3.) Earth-2 Wonder Woman is...Christian? Or Jewish. Or possibly Muslim. Or a Deist? But since this panel appears in an American comic book created by Americans in New York City for mass consumption by America's youth in the year 1980, I'm going to assume she's meant to be espousing a crypto-Christian belief. Or maybe a Jewish one. And how weird is that?

She doesn't deny the existence of her own gods, who she should be pretty darn sure exist (seeing as how they she's hung out with and fought so many of them), but she does say there's only one "true 'God,'" which would imply that all of her gods are false ones, wouldn't it?

I wonder, does this mean Diana's gods also believe in the existence of "He who is the only true 'God'-- whose nature remains unknown," and do they worship him too? Did the gods of ancient Greece convert to Christianity (or Judaism or Islam or possibly Deism)? Are they agnostic?

Man, this is a heavy panel....

4.) Even as far back as 1980, George Perez totally ruled. Click to marvel at the majesty of a Perez-drawn splash page revealing one of Granny Goodness' orphanages.

5.) Darkseid used to be totally bad-ass. Like the planet he lives on and the planet he's always trying to conquer, Darkseid has been greatly diminished by over-exposure in the DCU over the last few decades.

But in 1980, he was still a god. In this scene, we're told that even though Orion has killed Darkseid, the force of the evil god's will is so powerful that it reaches into another world, bends the earth to serve him. That's a city street transformed into a giant Darkseid simulacrum up there, being used toterrorize a trio of Earth-2 villains into raising him from the dead.

6.) Hawkman doesn't care about Hostess cupcakes. Hawkman's flying around one day when he notices a skydiver whose chute fails to open, right?

So Katar swoops in and saves the day, but all this lunatic cares about is his cupcakes.

"Hawkman, you've saved me," he observes, opening a bag to show off a couple packages of Hostess cupcakes (Wait, is that why his chute didn't open? Because he didn't pack it? He filled his bag instead with cupcakes?!) "And the Hostess Cup Cakes. And I'm ready for some right now."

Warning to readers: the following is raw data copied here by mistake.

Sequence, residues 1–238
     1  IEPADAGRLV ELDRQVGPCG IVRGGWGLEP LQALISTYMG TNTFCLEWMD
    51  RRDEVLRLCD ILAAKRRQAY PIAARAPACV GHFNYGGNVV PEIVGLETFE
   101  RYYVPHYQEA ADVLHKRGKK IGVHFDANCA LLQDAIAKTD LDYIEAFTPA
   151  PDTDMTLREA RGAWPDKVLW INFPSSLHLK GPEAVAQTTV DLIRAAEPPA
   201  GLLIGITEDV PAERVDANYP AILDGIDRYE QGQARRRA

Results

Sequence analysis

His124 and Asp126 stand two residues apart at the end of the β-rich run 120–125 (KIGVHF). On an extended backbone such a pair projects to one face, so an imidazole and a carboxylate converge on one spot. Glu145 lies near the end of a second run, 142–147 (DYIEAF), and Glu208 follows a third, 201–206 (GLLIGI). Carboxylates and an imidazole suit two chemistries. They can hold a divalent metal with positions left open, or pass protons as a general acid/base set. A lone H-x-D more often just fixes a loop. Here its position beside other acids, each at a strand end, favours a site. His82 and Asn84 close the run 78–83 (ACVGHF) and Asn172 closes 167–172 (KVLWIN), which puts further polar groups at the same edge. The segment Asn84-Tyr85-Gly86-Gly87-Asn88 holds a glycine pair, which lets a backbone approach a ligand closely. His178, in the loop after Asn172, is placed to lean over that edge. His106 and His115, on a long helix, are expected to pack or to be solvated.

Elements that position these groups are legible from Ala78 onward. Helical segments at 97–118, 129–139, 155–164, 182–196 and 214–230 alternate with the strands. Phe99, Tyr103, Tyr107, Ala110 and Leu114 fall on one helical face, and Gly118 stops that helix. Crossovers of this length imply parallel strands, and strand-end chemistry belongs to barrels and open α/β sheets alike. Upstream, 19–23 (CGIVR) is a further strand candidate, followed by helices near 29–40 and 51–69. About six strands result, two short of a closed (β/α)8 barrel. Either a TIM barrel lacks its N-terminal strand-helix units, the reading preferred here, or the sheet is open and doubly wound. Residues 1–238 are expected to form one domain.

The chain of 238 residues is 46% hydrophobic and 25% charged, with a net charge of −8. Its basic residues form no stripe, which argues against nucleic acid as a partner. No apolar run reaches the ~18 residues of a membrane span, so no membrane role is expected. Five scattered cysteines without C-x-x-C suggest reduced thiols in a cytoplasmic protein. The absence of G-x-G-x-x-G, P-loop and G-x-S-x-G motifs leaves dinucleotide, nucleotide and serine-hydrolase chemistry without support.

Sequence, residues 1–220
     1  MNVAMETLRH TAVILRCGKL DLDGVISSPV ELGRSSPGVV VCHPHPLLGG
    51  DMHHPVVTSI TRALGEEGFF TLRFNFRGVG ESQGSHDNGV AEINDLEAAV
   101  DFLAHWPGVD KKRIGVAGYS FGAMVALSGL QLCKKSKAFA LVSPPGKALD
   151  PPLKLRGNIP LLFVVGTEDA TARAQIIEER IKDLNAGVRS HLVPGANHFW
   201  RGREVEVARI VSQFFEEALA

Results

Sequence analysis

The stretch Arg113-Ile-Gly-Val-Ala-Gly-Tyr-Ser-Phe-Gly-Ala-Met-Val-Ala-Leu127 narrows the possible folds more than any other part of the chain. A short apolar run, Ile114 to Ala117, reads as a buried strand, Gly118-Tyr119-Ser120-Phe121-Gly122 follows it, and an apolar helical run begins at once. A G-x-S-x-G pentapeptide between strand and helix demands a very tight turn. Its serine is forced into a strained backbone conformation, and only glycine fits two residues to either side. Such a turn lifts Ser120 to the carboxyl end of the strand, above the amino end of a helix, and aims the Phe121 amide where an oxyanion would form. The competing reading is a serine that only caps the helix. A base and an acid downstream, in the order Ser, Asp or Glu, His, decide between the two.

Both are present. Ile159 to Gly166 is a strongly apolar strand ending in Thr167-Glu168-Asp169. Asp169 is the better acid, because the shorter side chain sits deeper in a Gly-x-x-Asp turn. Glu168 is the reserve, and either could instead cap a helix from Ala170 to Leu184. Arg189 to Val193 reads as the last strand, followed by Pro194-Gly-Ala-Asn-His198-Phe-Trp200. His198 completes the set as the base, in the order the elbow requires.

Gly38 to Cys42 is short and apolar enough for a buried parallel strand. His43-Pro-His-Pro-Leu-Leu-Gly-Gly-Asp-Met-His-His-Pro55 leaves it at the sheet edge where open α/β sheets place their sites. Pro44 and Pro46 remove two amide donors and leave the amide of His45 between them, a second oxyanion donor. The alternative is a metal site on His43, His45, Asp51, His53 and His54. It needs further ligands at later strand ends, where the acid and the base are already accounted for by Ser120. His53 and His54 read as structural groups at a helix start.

The guy's pals are already chowing down and Hakwman's already on his way before the ingrate gets around to thanking Hawkman for saving his sad, pitiful, cupcake-centric life.

And Hawkman doesn't give a shit. He doesn't stick around to see if anyone wants to give him one of their cupcakes, he just flies away, pronouncing "Hostess Cup Cakes" in a way that looks pretty sarcastic to me.

7.) While he may prefer navy blue, Darkseid looks pretty good in purple too.

*Aw, who am I kidding? I'll buy the trades as fast as you put 'em out, DC. I've just gotta know if they beat the Ultra-Humanite's Secret Society or not...


Unknown said...

Damn, that bit where Darkseid is coming up out of the street is awesome. And so is that Perez splash page. And the double-page spread of New Genesis is pretty nice too. Not Kirby, but actually a pretty good approximation of his style. If only the dialogue could match up. God, some of that is terrible, like Power Girl saying, "Hey! This isn't the Justice League satellite!"

Unknown said...

I had that issue with the terrible Orion costume on it. :) I used to pick up a bunch of JLA issues in back issue bins, too. Maybe I should start doing that.